April 22, 2010
A Feeding Frenzy…

…among the simple folk of Wall Street is foreseen by The Epicurean Dealmaker, and should certainly be fun to watch. Unhappily it will only end in the triumph of a new Great Vampire Squid with a different name. In the long run we will all be, once again, drained.

I must agree with Felix Salmon and others, who claim that the real damage to Goldman Sachs has already been done, with its formerly venerated name being dragged publicly through the mud with an accusation of fraud. While this may have little effect on the majority of Goldman’s business on the sales and trading side of the house — where counterparties are generally too smart to raise a stink about the 800 pound gorilla of the global financial markets (and often too unprincipled themselves to care) — it should and will have an effect on Goldman’s extensive investment banking business with governments, corporations, and other entities.

The Great Vampire Squid has been living for years off the simple fact that, like the fabled IBM of yore, no-one ever got fired (or sued) for picking Goldman Sachs. That calculus has been changed, and I and every one of my red-blooded peers in the industry who is not currently drawing a paycheck signed by David Viniar are making damn sure that CEOs, CFOs, government officials, and Boards of Directors know it.

For those of you who were wondering, this is the real reason why Goldman’s market capitalization has taken the vapors to the tune of more than ten billion dollars in response to an action likely to cost it no more than a tiny fraction of that amount: its reputation premium is quietly and rapidly evaporating.

There is no shortage of competent investment banks and adequate investment bankers available to conduct the financing and M&A business of the global corporate and government economy. No longer can Goldman rest assured that it will win mandates simply because it is Goldman Sachs. In fact, it may lose many for that very reason…

Although just wait and see what happens if enough of them sense that Goldman is mortally wounded. They’ll gang up and rip it to shreds without a second thought, just like they did to Bear Stearns and Lehman Brothers and almost did to Morgan Stanley. Live by the sword, die by the sword, baby. Booyah!


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Posted by Jerome Doolittle at April 22, 2010 02:56 PM
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Thank you, sweetie!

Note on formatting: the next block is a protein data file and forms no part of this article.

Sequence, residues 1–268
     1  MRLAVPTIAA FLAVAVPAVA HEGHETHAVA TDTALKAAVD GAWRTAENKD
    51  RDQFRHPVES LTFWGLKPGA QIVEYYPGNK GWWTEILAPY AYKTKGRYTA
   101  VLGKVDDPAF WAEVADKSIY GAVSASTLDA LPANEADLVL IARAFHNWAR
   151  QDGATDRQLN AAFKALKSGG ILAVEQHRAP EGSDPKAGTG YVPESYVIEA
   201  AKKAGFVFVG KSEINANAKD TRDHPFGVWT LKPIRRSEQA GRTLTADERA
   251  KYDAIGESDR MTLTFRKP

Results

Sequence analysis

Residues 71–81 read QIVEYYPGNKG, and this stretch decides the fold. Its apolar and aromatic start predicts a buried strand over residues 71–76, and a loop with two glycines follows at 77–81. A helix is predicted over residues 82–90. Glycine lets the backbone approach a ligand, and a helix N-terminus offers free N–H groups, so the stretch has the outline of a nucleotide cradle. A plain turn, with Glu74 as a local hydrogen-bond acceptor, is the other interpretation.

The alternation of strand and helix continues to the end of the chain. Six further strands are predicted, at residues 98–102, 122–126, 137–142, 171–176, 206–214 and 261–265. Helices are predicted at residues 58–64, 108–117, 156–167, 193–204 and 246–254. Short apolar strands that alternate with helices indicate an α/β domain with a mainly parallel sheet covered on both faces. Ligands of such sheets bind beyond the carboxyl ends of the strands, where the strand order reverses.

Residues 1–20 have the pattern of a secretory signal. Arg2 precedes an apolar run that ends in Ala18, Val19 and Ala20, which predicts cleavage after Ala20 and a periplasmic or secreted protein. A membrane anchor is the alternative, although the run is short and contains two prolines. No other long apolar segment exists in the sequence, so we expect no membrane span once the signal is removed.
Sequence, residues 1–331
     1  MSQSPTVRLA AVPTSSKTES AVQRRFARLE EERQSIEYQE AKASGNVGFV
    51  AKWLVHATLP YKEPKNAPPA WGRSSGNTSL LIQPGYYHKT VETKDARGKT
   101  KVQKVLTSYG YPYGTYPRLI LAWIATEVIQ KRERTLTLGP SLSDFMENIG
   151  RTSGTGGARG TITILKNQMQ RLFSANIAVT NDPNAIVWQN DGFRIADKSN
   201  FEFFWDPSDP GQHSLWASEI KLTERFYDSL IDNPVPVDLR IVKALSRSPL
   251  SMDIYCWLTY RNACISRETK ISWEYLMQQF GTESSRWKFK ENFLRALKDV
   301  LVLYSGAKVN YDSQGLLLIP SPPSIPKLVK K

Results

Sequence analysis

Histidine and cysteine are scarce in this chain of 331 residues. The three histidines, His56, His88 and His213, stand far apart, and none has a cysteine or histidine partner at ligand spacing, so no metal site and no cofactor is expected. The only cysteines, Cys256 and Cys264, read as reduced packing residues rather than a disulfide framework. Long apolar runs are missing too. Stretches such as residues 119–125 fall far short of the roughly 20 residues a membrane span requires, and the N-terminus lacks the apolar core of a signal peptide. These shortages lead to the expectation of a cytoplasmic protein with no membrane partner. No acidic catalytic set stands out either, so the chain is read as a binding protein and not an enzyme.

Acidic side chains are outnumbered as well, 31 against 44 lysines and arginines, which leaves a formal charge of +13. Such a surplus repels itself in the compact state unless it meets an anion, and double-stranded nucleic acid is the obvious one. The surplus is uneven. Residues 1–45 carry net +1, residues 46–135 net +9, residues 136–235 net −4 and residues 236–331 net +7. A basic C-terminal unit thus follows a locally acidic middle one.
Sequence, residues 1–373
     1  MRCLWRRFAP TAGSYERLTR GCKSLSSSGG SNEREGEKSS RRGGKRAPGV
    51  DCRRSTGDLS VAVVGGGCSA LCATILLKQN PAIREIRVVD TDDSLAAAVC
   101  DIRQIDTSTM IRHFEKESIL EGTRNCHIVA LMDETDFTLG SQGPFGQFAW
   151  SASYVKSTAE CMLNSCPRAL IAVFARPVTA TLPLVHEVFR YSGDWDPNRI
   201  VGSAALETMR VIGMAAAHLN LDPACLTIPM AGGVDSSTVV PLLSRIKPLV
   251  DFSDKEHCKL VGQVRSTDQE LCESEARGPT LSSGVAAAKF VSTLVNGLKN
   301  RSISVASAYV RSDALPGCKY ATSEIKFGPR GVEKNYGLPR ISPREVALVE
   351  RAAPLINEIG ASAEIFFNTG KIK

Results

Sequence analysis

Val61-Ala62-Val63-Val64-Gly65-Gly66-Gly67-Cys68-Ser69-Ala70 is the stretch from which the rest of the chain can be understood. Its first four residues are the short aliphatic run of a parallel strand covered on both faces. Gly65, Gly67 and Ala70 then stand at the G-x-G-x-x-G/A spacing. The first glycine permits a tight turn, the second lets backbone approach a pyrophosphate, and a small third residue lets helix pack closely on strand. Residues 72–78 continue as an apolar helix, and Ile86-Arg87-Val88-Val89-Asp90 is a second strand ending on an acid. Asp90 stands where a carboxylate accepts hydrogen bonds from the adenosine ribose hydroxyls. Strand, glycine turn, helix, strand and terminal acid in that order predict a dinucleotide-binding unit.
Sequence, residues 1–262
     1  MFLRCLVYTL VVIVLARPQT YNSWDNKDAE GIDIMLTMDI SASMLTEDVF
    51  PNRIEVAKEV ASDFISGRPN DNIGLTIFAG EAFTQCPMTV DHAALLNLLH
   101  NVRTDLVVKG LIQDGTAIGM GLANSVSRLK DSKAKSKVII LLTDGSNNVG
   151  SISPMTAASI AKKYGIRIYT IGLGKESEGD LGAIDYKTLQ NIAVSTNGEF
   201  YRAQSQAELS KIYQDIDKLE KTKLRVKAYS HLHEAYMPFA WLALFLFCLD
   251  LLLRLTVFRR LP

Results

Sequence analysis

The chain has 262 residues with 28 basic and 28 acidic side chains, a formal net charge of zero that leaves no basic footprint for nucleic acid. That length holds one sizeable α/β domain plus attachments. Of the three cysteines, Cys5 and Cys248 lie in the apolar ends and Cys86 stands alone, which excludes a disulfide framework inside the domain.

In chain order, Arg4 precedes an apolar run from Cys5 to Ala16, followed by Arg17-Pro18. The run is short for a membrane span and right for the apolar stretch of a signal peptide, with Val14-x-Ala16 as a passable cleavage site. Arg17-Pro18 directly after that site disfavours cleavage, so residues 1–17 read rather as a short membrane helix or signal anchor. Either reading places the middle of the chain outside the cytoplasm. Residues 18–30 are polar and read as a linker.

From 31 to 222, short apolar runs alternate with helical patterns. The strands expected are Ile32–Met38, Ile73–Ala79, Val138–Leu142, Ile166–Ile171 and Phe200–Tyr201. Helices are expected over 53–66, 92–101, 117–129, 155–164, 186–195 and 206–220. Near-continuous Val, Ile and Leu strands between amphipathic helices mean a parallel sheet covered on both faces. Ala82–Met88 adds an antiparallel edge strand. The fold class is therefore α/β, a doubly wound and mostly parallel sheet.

Everyone I know is shorting them.

Even a few commenters at my blog!

Love ya,

S

Posted by: Suzan on April 23, 2010 11:32 AM

Now that GS money is going to the Republicans, the next item on President Obama's agenda will be to rein in the financial sector. I think many are going to be surprised at how much new legislation is going to be introduced to bring back former legislation, updated to meet modern realities that will be introduced in the House and Seante to bring back responsiblity in the financial sector as well as to diminish its pernicious influence. Last night I attended an organizational meeting in which the Obama administration is gearing up to see that the former group that helped him get elected is brought back to life and we had quite a turnout, many more people than expected were at the meeting. It's quite possible that the tea party crowd will be dumbfounded at what is going to be taking place in the next year or two. I hope not to be disappointed but this issue will undoubtedly play better than the health care overhaul. I think we should all get ready again to start putting pressure on our Senators and members of Congress to see that important safeguards going back to the Roosevelt era that have been systematically destroyed and taken down by the Republican party may once again become reality, at least partially anyway, if we Democrats can retain our majorities in the House and the Senate.

Posted by: Buck on April 23, 2010 1:03 PM

One of the things I love most about investment banking and bankers is there's nothing they do that couldn't be handled much, much better by mandatory graft and patronage schemes at the lower levels of state representation. It would be cheaper for us too. That's capital allocation done right! The efficiencies are self-evident and broad. The upper houses of representation would wither, as they should. They're holdovers from plantation days.

Every so often, the feds could come in randomly round up the beneficiaries. Not for prosecution, but to shake them down. The money from that would pay for health care, and so forth, which has enough graft and patronage already. There'd be no need to enforce it.

Posted by: Jim on April 23, 2010 11:34 PM

That's good to know, Buck. That whole outfit faded away to nothing fast, didn't it?

I had a fund-raising call from the DNC the other night, and the poor guy got an earful. I told him I'd start sending money again when they revived the 50-state strategy and sent us a DNC organizer again. They've wasted a lot of advantages.

Posted by: Joyful on April 24, 2010 4:14 AM
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